Attention: The ILA website and all online, email, and telephone member service functions will be down for a major technology upgrade on Monday, October 15, 2018. There may also be intermittent service a few days before or after this date. We apologize for any inconvenience this may cause. We look forward to providing you with a significantly improved web and member experience as soon as we have completed our upgrade. Thank you.

Literacy Daily

Latest Posts
  • Digital Literacies
  • Literacy Coach
  • Classroom Teacher
  • Teaching With Tech
  • Literacy Education Student
  • Teacher Educator
  • Job Functions

Using Virtual Reality to Motivate Writers

By Kristin Webber
 | Aug 10, 2018

Virtual Reality The classroom teacher announces that it is writing time and is immediately met with a chorus of groans and the typical student response: “I have nothing to write about!”  Does this sound familiar?

Classroom teachers daily face the struggle of engaging students in writing. One reason students may struggle with writing is lack of background knowledge. Research has shown that background knowledge is essential for understanding text; if students have not developed sufficient background knowledge on a topic, it will be very difficult for them to write about it. Wide-reading, simulations, experiments, videos, and field trips are all traditional ways teachers can build background knowledge and, with today’s technology, virtual reality can also be a means to build background knowledge and motivate students to write.

Recently my department acquired some virtual reality equipment and students in my literacy foundations undergraduate course were curious to see the impact of virtual reality on the writing of fourth graders at a local elementary school they would be teaching at. Together, we planned a mini-writing experiment that involved a writing lesson with and without the use of virtual reality. With the help of the classroom teacher, we chose two high-interest topics to develop integrated reading and writing response lessons: wild weather and sharks. Both lessons were structured the same and consisted of activating prior knowledge, vocabulary development, reading a text, and a written response to the text, however, during the second lesson (on sharks) we added a virtual reality experience before asking students to write. Using Google Cardboard googles and the Discovery VR app, the fourth-grade students were able to see a 360-degree view of sharks swimming, just as if they were in the water with them. Needless to say, they could not contain their excitement.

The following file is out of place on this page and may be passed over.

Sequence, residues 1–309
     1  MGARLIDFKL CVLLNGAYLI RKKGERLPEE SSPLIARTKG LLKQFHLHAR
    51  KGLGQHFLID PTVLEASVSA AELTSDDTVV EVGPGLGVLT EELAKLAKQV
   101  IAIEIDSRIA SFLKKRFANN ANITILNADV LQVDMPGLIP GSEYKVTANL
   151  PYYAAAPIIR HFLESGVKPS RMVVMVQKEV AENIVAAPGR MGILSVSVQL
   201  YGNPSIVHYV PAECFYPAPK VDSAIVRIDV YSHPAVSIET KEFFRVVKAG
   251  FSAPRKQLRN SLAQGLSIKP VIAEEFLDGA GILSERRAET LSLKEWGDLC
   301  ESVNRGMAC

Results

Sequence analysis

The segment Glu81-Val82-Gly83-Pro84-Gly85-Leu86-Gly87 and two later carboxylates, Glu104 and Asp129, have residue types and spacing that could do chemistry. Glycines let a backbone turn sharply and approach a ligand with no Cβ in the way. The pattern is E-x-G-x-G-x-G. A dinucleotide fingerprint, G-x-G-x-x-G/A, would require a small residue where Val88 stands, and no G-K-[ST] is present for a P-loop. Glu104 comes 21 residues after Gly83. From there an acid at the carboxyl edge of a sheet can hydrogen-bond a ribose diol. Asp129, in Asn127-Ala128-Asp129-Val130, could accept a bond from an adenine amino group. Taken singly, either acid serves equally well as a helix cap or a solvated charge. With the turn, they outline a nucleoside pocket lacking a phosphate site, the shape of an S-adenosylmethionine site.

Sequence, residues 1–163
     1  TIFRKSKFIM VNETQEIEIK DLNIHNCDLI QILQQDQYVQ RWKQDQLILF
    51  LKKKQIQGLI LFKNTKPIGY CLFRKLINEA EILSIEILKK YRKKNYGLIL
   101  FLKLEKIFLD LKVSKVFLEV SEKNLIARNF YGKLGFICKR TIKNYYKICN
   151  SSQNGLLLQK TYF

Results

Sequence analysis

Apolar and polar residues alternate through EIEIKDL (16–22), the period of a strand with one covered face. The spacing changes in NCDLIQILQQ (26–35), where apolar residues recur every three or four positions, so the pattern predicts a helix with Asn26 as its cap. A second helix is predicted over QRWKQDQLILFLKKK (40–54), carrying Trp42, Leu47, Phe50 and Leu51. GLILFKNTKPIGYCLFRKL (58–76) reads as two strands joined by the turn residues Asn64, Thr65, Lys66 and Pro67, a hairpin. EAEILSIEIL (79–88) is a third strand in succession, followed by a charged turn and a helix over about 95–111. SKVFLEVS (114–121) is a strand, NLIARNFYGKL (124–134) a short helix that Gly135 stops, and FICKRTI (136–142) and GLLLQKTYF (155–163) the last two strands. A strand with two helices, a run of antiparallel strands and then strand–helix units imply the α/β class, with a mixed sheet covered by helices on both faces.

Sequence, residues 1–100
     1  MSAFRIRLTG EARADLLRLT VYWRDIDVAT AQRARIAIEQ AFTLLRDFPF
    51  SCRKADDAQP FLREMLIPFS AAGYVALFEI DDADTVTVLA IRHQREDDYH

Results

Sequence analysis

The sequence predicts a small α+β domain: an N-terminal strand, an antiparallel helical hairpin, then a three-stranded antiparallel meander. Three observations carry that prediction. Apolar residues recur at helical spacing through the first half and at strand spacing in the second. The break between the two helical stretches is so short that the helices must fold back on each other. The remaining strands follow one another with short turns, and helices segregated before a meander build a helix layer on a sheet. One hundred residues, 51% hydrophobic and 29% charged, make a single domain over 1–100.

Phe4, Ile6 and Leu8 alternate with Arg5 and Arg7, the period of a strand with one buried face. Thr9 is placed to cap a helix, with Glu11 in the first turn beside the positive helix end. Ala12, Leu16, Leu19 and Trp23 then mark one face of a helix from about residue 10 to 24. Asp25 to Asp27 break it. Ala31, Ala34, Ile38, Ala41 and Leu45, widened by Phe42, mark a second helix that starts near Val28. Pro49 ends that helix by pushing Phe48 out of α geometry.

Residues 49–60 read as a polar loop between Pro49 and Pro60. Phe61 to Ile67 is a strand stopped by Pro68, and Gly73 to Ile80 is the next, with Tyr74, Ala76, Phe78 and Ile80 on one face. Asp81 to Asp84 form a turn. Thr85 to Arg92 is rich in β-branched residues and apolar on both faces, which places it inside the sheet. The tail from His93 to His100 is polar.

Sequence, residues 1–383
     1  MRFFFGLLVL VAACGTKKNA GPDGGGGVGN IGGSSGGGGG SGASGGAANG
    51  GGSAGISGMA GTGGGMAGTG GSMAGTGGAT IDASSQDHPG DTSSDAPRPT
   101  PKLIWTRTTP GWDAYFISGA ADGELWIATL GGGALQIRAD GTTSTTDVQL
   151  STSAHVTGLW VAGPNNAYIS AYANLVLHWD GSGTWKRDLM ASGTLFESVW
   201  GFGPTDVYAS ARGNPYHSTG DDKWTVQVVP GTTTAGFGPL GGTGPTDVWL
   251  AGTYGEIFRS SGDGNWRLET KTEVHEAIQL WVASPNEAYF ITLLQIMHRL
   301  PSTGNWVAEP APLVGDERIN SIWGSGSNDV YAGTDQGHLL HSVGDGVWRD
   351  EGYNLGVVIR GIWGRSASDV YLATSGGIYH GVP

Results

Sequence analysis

Upon debriefing after teaching, we looked at the writing from both lessons and noticed that most of the writing from the shark lesson was longer in length and contained more description than the writing from the first lesson. The teacher candidates also stated that the fourth-grade students were more engaged and motivated to write. One candidate reported that a student whom he had to heavily prompt to write one sentence during the first lesson was able to write several sentences on his own in the second lesson. The virtual reality experience also enabled the students to build cooperation and collaboration skills. Since we only had one virtual reality headset for each small group of students, they had to practice turn taking skills. We worried that this could be an issue, but students readily took turns with the headsets and, when they were not viewing the sharks, they composed their writing and discussed their experiences with one another.

Virtual reality is a great option to help students build background knowledge and assist students in their writing. Teachers can take their students anywhere in the world without having to leave their classroom, thus widening their experiences and building background knowledge. There are several virtual reality apps that are free to download and can be used with or without a headset, such as Discovery VR, Google Expeditions, and Google Street View. Integrating virtual reality into the literacy curriculum allows for deeper understanding and retention of content as well as the enrichment of literacy skills. The immersive nature of virtual reality improves the quality of students’ language and the immediacy of the experience is particularly beneficial for students who struggle to think of what to write.

Kristin Webber is an associate professor at Edinboro University where she teaches undergraduate and graduate courses in reading, technology integration, and teaching methods.

This article is part of a series from the International Literacy Association Technology in Literacy Education Special Interest Group (TILE-SIG).

Leave a comment

Back to Top

Categories

Recent Posts

Archives